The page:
50 walking lunges (R+L=1)
2 min unilateral running biceps curl R 15/20
2 min unilateral running biceps curl L 15/20
2 min running OH triceps ext 15/20
2 min unilateral running OH press R 15/20
2 min unilateral running OH press L 15/20
50 tick tocks R 15/20 - 1 min R side bucket carry 15/20
50 tick tocks L 15/20 - 1 min L side bucket carry 15/20
Post Rx or scaled to comments.
Daily Extras -
+ 25 walking lunges
+ 1 min per "2 min run"
+ :30s per "1 min run"
Daily extras may not be partitioned. Additional reps/time must run congruent to corresponding exercises.
Wow. I was really, really close to throwing down a lifting workout (STAB, DYEL?), but we need to breath heavily today. Agreed?
- To keep from smacking the back of your head with the DB while you run and tri, hold it horizontally to the ground, with a side in each hand.
- Do the Winter Version even if you are off-site in warm weather.
- More reps = better. As long they are good reps.
- This workout is notoriously ROUGH on the muscles of your shoulders. You might want to try and find ways to transfer energy from your lower body straight through to the weight. It's legal to "hop" the weight up.
- This looks like a running workout with some arms thrown in for good measure. It's not. It's a core workout.
I'm not on the "drink 8 glasses of water per day" bandwagon anymore. As with everything health and fitness, common sense eventually prevails when it comes to "old wives' tales."
I jumped off the bandwagon approx 6 yrs ago. At the time it was heresy! In fact, after I published that I had discovered the 8 glasses per day (or more!) recommendation has no real foundation in science, a prominent university nutrition professor logged onto the old site (fitzone) to, albeit politely, take me down. She also quit coming to our gym out of protest. I'm guessing it was out of protest. In truth, she never really said. But, the timing was suspect. Not to mention she, her husband and kids had been coming for months prior to that without complaint.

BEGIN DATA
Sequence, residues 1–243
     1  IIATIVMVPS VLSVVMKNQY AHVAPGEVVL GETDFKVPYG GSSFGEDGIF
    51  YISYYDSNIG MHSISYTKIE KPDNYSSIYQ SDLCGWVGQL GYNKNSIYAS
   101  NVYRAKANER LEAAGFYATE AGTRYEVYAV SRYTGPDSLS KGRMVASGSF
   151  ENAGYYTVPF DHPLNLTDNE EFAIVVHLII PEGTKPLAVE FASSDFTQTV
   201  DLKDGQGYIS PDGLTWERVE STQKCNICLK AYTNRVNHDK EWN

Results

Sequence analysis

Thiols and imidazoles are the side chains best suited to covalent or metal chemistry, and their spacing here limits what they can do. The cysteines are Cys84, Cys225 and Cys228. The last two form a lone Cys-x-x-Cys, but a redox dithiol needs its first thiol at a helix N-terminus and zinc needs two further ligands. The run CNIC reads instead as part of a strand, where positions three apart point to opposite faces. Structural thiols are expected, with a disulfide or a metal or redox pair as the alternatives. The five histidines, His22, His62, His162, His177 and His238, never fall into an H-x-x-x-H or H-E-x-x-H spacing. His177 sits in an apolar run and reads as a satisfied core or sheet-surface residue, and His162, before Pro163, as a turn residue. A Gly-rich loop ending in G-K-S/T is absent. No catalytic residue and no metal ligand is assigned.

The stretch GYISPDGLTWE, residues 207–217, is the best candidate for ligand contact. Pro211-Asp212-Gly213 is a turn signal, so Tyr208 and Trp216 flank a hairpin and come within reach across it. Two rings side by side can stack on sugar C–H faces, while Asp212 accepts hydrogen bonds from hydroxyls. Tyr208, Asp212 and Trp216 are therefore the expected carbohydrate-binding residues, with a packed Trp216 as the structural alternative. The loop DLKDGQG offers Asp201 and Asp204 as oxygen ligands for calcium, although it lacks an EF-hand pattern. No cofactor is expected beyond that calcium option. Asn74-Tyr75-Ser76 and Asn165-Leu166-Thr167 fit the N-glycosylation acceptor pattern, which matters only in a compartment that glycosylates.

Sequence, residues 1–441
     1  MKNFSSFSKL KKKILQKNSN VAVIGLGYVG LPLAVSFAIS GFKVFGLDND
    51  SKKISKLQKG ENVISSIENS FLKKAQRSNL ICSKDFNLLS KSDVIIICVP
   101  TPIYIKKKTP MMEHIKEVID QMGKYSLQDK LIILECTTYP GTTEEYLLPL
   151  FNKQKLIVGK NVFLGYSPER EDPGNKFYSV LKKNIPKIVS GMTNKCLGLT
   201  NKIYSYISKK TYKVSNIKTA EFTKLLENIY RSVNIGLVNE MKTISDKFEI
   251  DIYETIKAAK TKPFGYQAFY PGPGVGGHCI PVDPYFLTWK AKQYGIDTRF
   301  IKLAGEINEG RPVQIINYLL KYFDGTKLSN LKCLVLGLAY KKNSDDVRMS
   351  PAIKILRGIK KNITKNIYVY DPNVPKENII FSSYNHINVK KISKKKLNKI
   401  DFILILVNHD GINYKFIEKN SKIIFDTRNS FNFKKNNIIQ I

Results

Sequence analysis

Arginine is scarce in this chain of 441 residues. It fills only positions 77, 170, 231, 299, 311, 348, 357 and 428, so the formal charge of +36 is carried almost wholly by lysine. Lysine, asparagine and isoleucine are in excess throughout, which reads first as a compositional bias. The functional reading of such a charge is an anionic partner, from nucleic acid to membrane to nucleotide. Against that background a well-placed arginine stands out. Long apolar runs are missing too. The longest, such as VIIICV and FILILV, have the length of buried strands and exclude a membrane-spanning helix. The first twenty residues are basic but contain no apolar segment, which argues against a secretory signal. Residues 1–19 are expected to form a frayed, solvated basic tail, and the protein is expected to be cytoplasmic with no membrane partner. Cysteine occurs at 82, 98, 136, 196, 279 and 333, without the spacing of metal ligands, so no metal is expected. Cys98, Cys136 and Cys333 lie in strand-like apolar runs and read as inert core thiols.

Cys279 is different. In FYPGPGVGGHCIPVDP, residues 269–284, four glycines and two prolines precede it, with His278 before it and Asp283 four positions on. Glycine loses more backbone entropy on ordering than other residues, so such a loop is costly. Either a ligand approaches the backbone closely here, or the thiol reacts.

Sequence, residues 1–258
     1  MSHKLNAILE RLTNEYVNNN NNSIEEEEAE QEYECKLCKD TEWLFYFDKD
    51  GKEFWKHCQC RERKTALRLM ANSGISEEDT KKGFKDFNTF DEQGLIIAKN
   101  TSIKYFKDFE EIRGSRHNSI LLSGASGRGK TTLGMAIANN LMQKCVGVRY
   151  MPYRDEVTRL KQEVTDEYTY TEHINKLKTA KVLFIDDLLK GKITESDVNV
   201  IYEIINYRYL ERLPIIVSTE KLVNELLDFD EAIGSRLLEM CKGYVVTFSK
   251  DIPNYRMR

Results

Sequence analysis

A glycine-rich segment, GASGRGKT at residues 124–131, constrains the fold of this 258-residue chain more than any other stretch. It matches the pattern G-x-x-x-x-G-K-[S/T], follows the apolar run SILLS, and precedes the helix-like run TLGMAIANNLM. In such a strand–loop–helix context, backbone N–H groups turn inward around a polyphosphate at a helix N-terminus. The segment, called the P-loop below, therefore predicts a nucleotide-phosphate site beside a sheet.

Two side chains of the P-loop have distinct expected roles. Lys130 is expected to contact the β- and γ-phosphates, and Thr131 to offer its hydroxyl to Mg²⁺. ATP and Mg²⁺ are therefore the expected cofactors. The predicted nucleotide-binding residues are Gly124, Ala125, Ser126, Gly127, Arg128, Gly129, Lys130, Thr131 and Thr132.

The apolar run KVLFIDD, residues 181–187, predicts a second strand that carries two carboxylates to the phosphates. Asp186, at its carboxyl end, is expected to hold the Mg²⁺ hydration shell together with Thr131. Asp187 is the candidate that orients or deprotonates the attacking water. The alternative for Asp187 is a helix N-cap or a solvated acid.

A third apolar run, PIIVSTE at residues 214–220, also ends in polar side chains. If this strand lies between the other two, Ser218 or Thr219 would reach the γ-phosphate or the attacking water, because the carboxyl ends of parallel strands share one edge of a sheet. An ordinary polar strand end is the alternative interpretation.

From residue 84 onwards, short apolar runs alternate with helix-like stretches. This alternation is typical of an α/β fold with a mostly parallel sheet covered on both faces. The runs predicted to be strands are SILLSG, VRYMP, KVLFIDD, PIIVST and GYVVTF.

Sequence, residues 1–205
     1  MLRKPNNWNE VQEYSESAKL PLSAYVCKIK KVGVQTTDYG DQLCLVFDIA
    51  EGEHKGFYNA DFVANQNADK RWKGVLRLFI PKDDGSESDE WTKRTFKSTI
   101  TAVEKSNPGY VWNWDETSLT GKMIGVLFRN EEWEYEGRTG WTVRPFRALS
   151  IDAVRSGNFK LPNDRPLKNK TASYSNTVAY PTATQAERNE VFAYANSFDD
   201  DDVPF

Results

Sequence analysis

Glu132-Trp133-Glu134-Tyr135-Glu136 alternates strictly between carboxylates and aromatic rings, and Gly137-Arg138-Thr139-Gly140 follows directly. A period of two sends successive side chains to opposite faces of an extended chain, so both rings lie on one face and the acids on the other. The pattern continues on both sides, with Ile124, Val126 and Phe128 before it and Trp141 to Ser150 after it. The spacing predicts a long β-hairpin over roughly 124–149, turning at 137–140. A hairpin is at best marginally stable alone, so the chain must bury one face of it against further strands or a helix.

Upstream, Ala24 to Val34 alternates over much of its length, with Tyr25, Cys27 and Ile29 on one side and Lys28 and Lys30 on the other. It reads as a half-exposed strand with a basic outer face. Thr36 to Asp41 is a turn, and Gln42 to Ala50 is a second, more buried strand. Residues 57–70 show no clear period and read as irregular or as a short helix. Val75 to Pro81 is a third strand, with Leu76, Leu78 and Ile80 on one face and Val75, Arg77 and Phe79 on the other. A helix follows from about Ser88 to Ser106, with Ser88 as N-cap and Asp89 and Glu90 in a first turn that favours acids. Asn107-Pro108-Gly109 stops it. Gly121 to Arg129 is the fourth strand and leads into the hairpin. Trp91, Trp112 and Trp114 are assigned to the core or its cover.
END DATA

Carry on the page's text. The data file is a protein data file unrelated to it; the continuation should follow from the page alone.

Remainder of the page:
Slowly, the scientific establishment is coming around to my way of thinking. I should say "our way of thinking," because it is not just me. Health and fitness professionals are beginning to realize that the benefits of drinking A LOT of water aren't just overblown, the recommendation can be dangerous.
Strange but True: Drinking Too Much Water Can Kill -- Scientific American
"In a hydration-obsessed culture, people can and do drink themselves to death."
Drinking too much water actually hurts a lot of people every year. It is estimated that 1/6th of all marathon finishers crossed the finish line hyponatremic (waterlogged). Do the math. With an estimated 19 million Americans finishing marathons in 2013, that means over 3 million people were harmed by drinking too much water! This isn't even counting folks sitting at home who jumped on the Dr. OZ/Oprah bandwagon and were negatively affected by drinking too much water per day.
Can't blame folks for drinking too much water. We have blame the professionals. For years, they told us to drink more water. They told us drinking a LOT of water was GOOD FOR US. That we could NEVER drink enough water to counteract the dehydration caused by hours of weekly exercise and normal activity. They even said, in order to become hydrated, we had "windows" of opportunity that, if ignored, would close and surely lead to poor performance and injury. I was taught all of this from the pulpit of academia. In turn, and without much investigation, I taught it from my own "pulpit" of sorts. I was wrong to take their word for it. I'm fixing that.
Drinking too much water causes headaches, nausea, vomiting, confusion, loss of energy, muscle weakness, seizures, coma and even death! The weird thing is, medically it looks a lot like dehydration. This causes folks (yep, even medical folks) to constantly misdiagnose this illness and treat with - you guessed it - MORE water!
From the research I have done, "8 Glasses Per Day" was a suggestion made to the war dept by logistics specialists on the battlefield of WWII. It was and has never been a researched and/or tested medical recommendation. Which makes sense because, last time I looked, a lot of us are different from each other. It just feels wrong to think a 6' 5"/280 lb male working outdoors in a hot & dry climate would drink the same amount of water suggested to a 5'3"/140 lb female working indoors in a temperate & humidified environment. It feels like there must be a more, I dunno, comonsensical solution.
Common sense dictates that you leave the task of becoming and staying hydrated mainly to your thirst mechanism. Don't over-think it. Apparently, it has a useful function when left to it's own devices.
Hey, Azure ... Good game!